“…some of the city’s most prominent women…”

Carmen Palma is a homicide detective in Houston, Texas; a strong female in a world still almost exclusively male. When Houston is rocked by a wave of unbelievably vicious sexual murders, Palma takes the lead in the investigation. The pattern that emerges in the killings is unique–way out of line with traditional violent-crime psychology. Palma’s instincts tell her that the victims expected their torture. It was almost as if they had helped choreograph every blow of their own brutal deaths.

But when FBI profiler Sander Grant is called into the investigation, Palma’s unorthodox theories soon clash with the FBI’s traditional views. As Palma and Grant bore deeper into the investigation, they discover a tightly knit secret sorority that includes some of the city’s most prominent women. Though terrified by the murders, these women are nonetheless reluctant to help Palma’s investigation because the secrets they share are sometimes as dark as their fear of the murderer who stalks them. Palma learns that human nature does not fit neatly into organized theories, and that “the line dividing good and evil cuts through the heart of every human being”.


“…a watershed event in my own psychological landscape.”

I’ve always done a great deal of in-depth research for my novels, and Mercy involved some of my most emotionally grueling efforts in that regard. This is one book that grew and evolved as my research continued, and broadened into numerous areas of psychological complexity that were unfamiliar to me at the time. I read volumes and volumes of books on criminal psychology and on the criminal investigation of these particular kinds of crimes. I interviewed scores of people in a variety of law enforcement areas as well as dozens of women who had experienced most of the activities described in the novel. The crux of this novel is an anomaly in criminal behavior that, at the time I conceived of the idea, was viewed skeptically by the profilers I talked to at the FBI training Academy in Quantico Virginia. In the following years, my theory proved to be valid.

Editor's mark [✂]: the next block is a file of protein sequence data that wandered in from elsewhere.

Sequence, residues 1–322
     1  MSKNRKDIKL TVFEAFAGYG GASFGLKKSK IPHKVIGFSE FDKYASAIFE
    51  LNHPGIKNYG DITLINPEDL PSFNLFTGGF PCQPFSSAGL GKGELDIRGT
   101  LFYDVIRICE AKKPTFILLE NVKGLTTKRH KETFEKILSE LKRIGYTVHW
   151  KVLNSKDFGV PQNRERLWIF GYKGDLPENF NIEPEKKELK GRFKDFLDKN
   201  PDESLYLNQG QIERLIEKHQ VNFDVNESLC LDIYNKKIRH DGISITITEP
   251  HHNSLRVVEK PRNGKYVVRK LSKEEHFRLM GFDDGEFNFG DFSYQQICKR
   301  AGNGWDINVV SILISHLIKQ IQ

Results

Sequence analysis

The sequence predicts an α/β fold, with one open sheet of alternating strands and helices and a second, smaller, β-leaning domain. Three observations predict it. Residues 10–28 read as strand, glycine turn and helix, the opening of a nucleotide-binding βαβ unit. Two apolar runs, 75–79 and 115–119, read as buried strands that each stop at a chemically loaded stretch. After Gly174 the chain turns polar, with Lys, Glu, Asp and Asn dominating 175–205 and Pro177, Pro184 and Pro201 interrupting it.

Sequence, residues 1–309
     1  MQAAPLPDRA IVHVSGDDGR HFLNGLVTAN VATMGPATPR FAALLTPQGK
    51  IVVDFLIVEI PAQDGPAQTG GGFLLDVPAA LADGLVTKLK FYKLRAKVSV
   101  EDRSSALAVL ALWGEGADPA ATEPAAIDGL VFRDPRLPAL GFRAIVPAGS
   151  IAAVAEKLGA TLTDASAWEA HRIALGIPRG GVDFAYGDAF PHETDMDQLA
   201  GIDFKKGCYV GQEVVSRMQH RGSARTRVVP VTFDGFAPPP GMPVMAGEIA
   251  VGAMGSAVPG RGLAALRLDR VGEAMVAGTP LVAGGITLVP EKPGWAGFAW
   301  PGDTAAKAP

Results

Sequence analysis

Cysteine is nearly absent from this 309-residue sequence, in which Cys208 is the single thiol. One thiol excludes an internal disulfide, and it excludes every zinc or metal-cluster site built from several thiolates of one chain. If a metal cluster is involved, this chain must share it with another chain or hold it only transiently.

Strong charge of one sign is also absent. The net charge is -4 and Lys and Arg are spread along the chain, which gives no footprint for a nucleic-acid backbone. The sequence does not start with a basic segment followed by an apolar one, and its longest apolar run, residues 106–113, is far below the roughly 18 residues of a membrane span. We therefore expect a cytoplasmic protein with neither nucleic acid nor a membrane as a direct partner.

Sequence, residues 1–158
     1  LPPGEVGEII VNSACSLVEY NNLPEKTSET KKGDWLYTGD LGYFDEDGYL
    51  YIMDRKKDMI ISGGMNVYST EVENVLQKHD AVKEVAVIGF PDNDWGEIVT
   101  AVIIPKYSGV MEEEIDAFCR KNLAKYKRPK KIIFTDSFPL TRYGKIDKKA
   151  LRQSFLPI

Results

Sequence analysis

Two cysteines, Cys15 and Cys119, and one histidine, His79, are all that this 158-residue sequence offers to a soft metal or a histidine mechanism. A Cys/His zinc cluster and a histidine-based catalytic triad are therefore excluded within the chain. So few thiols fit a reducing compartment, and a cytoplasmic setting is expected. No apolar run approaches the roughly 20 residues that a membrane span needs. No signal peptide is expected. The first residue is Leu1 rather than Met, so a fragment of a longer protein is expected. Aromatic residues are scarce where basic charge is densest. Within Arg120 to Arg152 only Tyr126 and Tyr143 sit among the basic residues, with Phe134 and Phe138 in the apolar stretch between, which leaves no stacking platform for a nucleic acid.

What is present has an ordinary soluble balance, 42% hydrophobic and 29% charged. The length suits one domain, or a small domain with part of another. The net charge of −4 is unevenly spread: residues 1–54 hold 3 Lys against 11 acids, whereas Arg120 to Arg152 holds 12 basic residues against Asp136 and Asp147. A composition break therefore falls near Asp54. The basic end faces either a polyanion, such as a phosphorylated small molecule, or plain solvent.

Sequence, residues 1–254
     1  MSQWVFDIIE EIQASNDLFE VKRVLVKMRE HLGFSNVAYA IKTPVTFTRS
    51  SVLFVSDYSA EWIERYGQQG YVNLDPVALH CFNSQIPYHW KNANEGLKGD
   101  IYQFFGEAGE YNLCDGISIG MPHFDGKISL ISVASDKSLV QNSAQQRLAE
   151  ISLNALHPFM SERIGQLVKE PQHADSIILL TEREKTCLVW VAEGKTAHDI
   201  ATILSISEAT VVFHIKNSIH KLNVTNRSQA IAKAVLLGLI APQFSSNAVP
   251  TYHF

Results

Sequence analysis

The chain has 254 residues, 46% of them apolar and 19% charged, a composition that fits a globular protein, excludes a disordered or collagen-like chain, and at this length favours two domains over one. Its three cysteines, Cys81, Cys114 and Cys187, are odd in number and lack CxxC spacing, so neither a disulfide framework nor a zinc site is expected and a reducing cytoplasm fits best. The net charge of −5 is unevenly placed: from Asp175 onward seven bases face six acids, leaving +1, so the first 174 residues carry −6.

Mercy eventually ended up on the New York Times Bestsellers list and was an internationally popular novel. In 1992 the German television network Zweites Deutsches Fernsehen (ZDF), the largest television network in Europe at the time, sent a television crew to Houston for four days during which they filmed scenes from the book, and interviewed me in the Houston Police Department’s Homicide Division. The resulting hour-long special program was featured in the network’s “Literature and Culture” series.

Mercy was immediately optioned for a feature film production, and remained under option for over a decade before it was finally filmed and premiered on HBO in April 2000.

Because of the book’s success, my agent at the time begged me to write another novel like it. But much to his frustration I refused. This book was a watershed event in my own psychological landscape. In many ways the books that I wrote after Mercy began to change because of my emotional and psychological experiences in creating this story. I’ve had neither the desire, nor the emotional fortitude, to explore this particular kind of material in future novels.

This book stands alone.